Are you hypersensitive or allergic to a particular kind of food? Here’s how you can deal
Nearly a third of all adults claim they are “allergic” to at least one food. However, the popular idea of “allergy” differs from its medical definition. A breathless patient who casually drops the phrase “food allergy” will evoke the utmost panic in a trainee doctor. And for good reason. Food allergy, an immune response to allergens in food, can be fatal.
Most cases of “allergy” are usually gas, and food poisoning and infections from unhygienic fare. “Food intolerance”, e.g., the cramping or gas caused by milk in a lactose-intolerant person, does not involve the immune system. “Food idiosyncrasy”, like the asthmatic response to sulphite additives, is another non-allergic reaction to food components; it occurs through unknown mechanisms.
Fact check: Food allergy is rare. In the West, only two per cent of the population has it. One can be hypersensitive to any food, but thankfully, only eight are responsible for more than 90 per cent of all cases. The ocho picaros are milk, shellfish (crustacea and molluscs), eggs, wheat, fish, peanuts, soy and tree nuts (e.g. walnuts). The protein in these foods is the most common allergen.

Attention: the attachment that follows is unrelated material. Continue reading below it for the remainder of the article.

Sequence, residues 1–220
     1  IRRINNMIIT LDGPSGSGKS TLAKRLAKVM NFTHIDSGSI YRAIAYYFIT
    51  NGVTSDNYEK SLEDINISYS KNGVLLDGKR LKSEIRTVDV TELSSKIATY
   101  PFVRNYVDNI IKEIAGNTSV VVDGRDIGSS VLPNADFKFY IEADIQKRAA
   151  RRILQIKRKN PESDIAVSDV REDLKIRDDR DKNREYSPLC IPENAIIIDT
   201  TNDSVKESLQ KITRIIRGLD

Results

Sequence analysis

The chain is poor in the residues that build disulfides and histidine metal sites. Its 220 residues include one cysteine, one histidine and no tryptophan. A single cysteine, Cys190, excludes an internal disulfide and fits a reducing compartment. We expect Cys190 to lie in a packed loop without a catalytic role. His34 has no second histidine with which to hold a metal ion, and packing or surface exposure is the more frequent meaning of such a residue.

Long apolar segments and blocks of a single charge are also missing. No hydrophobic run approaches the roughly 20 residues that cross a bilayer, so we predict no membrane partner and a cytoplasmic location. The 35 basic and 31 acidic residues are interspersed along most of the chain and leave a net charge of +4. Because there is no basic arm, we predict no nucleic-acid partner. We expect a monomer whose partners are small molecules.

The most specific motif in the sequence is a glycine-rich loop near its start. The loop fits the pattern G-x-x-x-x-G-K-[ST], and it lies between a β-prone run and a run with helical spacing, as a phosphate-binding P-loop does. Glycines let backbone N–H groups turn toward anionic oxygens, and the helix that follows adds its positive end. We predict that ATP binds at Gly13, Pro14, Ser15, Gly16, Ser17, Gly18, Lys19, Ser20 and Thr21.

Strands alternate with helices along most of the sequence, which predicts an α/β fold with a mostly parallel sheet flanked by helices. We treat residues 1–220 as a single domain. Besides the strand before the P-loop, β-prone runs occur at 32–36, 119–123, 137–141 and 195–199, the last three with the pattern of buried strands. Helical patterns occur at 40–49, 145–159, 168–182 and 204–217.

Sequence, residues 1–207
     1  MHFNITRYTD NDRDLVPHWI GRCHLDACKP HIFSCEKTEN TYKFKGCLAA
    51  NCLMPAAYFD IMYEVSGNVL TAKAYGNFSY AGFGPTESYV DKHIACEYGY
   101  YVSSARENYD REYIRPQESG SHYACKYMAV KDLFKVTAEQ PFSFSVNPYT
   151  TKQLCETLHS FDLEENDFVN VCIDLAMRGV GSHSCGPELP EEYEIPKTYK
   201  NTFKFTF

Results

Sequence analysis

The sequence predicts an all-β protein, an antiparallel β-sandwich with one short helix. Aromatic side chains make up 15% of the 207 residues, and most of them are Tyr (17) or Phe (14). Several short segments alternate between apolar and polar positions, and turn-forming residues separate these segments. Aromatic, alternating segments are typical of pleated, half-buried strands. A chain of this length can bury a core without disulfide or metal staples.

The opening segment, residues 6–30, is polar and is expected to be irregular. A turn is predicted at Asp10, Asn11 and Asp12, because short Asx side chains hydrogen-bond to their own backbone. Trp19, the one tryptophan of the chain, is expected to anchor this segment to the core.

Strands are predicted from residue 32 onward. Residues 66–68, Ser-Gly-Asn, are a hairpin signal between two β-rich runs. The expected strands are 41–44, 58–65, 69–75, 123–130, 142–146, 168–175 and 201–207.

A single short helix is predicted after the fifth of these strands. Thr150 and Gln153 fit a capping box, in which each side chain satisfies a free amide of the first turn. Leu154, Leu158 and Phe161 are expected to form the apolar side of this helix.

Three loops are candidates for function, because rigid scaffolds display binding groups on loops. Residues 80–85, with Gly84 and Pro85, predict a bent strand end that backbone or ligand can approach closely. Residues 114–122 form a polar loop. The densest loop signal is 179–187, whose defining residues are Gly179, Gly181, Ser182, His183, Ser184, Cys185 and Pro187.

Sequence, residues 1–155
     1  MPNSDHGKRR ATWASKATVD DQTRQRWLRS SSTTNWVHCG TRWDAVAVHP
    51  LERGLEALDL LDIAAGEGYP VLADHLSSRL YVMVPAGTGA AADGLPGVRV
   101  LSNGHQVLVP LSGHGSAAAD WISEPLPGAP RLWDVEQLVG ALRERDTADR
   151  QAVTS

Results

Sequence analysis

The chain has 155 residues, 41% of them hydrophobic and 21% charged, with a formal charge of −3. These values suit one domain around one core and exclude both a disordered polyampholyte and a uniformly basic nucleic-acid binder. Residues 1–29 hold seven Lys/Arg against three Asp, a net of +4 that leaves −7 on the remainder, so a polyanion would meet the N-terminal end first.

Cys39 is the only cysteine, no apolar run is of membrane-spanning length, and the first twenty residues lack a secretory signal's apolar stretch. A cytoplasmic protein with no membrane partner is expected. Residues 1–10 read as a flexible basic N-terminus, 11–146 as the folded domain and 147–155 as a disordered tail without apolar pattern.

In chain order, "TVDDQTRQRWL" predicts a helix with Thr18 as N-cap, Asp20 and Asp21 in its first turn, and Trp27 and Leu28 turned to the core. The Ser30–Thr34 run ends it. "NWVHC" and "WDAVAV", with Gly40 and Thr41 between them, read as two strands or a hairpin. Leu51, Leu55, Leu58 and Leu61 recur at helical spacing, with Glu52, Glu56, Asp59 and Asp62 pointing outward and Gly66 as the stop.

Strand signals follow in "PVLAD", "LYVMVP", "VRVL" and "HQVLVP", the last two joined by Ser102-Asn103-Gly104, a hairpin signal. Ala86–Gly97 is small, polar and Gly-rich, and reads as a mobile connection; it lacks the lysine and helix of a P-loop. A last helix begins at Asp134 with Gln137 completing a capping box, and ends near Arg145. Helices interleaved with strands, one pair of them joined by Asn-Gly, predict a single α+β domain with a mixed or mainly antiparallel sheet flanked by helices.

Symptoms of food allergy commonly involve the skin, gut and respiratory system. Anaphylaxis is the most catastrophic allergic reaction, and manifestations include severe itching, hives, sweating, rapid swelling of the tongue and throat, breathlessness, very low blood pressure, unconsciousness and death. It is fatal in the absence of an immediate shot of epinephrine (adrenaline).
Less severe reactions include swelling or itching of the lips, mouth and throat; nausea, vomiting, cramping and diarrhoea, generalised itching, hives, eczema and redness of the skin.
A running nose, mild breathlessness and aggravation of asthma may also occur, but “food allergy” is a less common cause of asthma than quacks would have us believe.
How do you know you have it? The simple and quick answer is that you know it when you have it. If a particular food causes allergic symptoms on different occasions, the diagnosis is more likely.
Avoid that food until you consult a doctor. If there is any doubt, the doctor may order skin and blood tests to confirm the diagnosis.
Once you know you are allergic to a particular food, your life depends on two things: avoiding the food completely, and carrying a pre-filled epinephrine syringe to self-treat anaphylaxis after accidental exposure. Wearing a Medical Alert bracelet can be lifesaving.RAJIV. M